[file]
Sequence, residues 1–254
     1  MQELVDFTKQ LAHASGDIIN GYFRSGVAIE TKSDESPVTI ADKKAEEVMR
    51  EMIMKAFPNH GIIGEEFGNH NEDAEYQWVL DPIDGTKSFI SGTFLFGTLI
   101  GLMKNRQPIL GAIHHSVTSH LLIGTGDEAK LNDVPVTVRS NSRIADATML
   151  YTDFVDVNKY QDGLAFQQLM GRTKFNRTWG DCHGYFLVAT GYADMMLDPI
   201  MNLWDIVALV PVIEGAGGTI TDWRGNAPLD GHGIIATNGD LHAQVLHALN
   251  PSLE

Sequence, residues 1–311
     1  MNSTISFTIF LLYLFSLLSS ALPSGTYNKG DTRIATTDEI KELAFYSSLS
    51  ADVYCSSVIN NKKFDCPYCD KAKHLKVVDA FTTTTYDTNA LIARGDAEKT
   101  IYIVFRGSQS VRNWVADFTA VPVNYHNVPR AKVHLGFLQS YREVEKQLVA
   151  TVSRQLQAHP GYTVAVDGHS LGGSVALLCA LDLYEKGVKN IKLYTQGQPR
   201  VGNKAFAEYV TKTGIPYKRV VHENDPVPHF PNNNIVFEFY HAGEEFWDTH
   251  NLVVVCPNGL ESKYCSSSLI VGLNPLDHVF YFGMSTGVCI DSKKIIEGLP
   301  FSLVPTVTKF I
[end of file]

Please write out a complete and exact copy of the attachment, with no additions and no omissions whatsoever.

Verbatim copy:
Sequence, residues 1–254
     1  MQELVDFTKQ LAHASGDIIN GYFRSGVAIE TKSDESPVTI ADKKAEEVMR
    51  EMIMKAFPNH GIIGEEFGNH NEDAEYQWVL DPIDGTKSFI SGTFLFGTLI
   101  GLMKNRQPIL GAIHHSVTSH LLIGTGDEAK LNDVPVTVRS NSRIADATML
   151  YTDFVDVNKY QDGLAFQQLM GRTKFNRTWG DCHGYFLVAT GYADMMLDPI
   201  MNLWDIVALV PVIEGAGGTI TDWRGNAPLD GHGIIATNGD LHAQVLHALN
   251  PSLE

Sequence, residues 1–311
     1  MNSTISFTIF LLYLFSLLSS ALPSGTYNKG DTRIATTDEI KELAFYSSLS
    51  ADVYCSSVIN NKKFDCPYCD KAKHLKVVDA FTTTTYDTNA LIARGDAEKT
   101  IYIVFRGSQS VRNWVADFTA VPVNYHNVPR AKVHLGFLQS YREVEKQLVA
   151  TVSRQLQAHP GYTVAVDGHS LGGSVALLCA LDLYEKGVKN IKLYTQGQPR
   201  VGNKAFAEYV TKTGIPYKRV VHENDPVPHF PNNNIVFEFY HAGEEFWDTH
   251  NLVVVCPNGL ESKYCSSSLI VGLNPLDHVF YFGMSTGVCI DSKKIIEGLP
   301  FSLVPTVTKF I